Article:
Contents: TRIPS • LECTURING • OTHER ACTIVITIES • 1. Letters Written • 2. Articles Written • 3. T.V. Appearances • 4. Community Participation • 5. John Russwurm Award • DEFENSE FUND PROJECTS • 1. Algeria Meeting • 2. Algerian Refugee Students • 3. Angola Refugee Appeal • 4. Direct Assistance to South Africa • FINANCIAL STATEMENT • [Dear Friend: The civil war in Angola has already claimed an estimated 3,000 lives of Portuguese settlers, and at least 50,000 Africans.] • MEMO ON THE MARCH 1961 REVOLT IN ANGOLA • The report says there was less success raising funds in 1961 than in 1960, due to three factors: Hooper’s repeated and perhaps too-prolonged absence from the West Coast; no outstanding African leaders were sent on tour in 1961; and considerable time spent preparing for a Northern California Committee on Africa, which it is hoped will pay future dividends. A trip to Africa (March 6 to May 15) took nine weeks out of the work schedule. Hooper spent three weeks were spent in Egypt, where she had been appointed as an official delegate of the African National Congress of South Africa to the Third All African Peoples Conference but was prevented from serving in this capacity by extreme anti-American sentiment of the Conference, due mainly to anger at the murder of Lumumba. She also visited Kenya, Tanganyika Mozambique, and Swaziland, where she saw friends and officials of the African National Congress. Other major trips were as a delegate to the UNESCO Conference in Boston in October (invited by the State Department); and to Oslo, Norway, in December, where she served as a member of the staff of Chief Albert J. Lutuli when he received the Nobel Peace Prize. Hooper also made an 11-day visit to Los Angeles in September plus many shorter California trips for lecturing to Sacramento, Stockton, San Luis Obispo, Redwood City, and Palo Alto. A total of 925 pounds of good used clothing was gathered by young people of the Mill Valley Community Church that was shipped to 800 Algerian refugee students in Tunis. (The Church donated funds for cleaning and shipment.) The report mentions University of California at Berkeley, Howard University, a Friends Committee on Legislation Forum, civil rights, James Farmer, CORE (Congress of Racial Equality), apartheid, the Steering Committee for San Francisco AFRICA WEEK, not-yet-independent African states, Arthur Wina, Northern Rhodesia, A.K. Chanderli, the Provisional Government of Algeria, the National Association of Newspaper Publishers, Front of National Liberation (National Liberation Front, FLN), South Africa United Front (Tanganyika); the African National Congress (Basutoland), South African refugees in Basutoland, the South African Congress of Trade Unions (SACTU), Oliver Tambo, MPLA, Mario Andrade, UPA, Holden Roberto, the African National Congress (ANC), forced labor, colonial rule, Portuguese authorities, The Rt. Rev. James A. Pike, the Episcopal Diocese of California, Dr. Max Nussbaum, Temple Israel, Rev. Malcolm McVeigh, Portuguese rule, Portuguese retaliation, the Baptist Missionary Society, Congo Protestant Relief Agency, the World Council of Churches, the British Inter-Church Aid and Refugee Service, U.S.-made bombs, and the Institut Medical Evangelique at Komoes.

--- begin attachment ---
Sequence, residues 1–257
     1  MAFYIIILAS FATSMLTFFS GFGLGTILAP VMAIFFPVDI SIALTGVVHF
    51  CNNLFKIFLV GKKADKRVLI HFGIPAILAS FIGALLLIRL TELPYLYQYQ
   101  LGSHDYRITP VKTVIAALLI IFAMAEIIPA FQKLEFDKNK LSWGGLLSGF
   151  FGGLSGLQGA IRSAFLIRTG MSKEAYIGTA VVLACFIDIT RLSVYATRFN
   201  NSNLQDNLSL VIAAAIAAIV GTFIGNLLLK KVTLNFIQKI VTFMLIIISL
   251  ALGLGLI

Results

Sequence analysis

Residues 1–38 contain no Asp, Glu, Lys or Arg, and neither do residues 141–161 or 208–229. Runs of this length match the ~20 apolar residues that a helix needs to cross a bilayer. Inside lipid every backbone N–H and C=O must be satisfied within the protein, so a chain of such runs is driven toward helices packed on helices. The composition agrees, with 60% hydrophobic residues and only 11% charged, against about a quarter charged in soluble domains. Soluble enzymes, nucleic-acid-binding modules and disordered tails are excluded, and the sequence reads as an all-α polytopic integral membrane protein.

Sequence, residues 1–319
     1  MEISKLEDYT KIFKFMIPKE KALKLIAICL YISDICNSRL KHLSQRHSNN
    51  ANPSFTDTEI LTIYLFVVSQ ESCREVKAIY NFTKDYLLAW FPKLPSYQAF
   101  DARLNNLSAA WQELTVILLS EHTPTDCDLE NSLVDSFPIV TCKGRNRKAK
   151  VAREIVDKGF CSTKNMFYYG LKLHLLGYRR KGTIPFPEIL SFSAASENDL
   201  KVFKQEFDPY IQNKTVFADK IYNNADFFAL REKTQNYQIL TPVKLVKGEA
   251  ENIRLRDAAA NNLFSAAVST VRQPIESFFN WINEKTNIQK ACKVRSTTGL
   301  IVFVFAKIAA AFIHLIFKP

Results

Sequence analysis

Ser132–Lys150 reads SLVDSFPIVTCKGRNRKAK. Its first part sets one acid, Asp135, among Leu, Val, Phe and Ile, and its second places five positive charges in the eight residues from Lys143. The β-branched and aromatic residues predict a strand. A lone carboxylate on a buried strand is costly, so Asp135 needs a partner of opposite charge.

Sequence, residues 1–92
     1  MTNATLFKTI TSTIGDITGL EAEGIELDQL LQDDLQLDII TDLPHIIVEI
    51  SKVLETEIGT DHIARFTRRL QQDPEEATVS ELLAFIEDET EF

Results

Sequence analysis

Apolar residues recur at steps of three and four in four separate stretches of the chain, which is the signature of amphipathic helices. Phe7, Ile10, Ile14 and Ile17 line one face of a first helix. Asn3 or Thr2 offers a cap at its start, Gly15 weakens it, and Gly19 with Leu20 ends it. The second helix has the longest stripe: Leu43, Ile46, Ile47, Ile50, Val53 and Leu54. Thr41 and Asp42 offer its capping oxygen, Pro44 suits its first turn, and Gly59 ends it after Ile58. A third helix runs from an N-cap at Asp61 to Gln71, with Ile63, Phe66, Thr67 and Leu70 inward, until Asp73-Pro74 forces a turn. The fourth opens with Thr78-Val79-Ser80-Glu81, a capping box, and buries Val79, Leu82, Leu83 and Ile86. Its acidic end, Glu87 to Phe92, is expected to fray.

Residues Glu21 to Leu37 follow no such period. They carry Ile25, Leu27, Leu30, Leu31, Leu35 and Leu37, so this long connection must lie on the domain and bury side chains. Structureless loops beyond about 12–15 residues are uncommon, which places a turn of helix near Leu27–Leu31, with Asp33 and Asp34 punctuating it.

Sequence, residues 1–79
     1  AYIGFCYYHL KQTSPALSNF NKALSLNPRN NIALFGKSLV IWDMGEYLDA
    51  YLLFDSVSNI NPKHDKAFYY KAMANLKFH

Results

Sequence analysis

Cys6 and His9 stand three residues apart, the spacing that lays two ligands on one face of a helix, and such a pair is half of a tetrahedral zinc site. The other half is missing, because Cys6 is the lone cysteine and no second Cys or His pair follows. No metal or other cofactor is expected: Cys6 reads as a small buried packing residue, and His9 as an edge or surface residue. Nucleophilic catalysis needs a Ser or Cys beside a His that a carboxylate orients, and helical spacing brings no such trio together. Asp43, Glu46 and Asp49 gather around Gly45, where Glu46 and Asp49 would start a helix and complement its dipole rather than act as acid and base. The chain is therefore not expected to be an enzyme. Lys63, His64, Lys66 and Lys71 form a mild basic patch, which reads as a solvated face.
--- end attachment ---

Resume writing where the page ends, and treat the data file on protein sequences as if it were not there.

Used by permission of Africa Action (successor to the American Committee on Africa).
Collection: Peter Weiss papers, Michigan State University Libraries Special Collections